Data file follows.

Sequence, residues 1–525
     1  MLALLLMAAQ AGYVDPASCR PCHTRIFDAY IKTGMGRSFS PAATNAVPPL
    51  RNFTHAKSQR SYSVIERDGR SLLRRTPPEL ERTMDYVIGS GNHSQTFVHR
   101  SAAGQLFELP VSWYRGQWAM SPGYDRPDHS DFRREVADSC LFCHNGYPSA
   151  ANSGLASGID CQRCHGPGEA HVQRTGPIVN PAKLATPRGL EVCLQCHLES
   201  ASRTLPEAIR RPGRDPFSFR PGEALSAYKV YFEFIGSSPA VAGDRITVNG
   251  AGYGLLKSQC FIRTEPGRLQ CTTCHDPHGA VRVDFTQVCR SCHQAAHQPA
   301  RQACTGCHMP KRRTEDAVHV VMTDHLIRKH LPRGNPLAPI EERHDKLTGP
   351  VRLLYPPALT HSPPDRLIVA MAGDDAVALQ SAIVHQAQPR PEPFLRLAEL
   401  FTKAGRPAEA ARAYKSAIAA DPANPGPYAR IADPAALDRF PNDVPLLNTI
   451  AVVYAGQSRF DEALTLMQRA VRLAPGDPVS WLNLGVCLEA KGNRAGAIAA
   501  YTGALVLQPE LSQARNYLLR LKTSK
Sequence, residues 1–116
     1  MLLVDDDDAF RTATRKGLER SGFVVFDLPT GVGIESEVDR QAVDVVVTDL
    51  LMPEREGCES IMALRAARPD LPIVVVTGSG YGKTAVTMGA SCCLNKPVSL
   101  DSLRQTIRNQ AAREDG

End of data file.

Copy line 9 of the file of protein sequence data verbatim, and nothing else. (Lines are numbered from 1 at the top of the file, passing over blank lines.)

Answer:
   351  VRLLYPPALT HSPPDRLIVA MAGDDAVALQ SAIVHQAQPR PEPFLRLAEL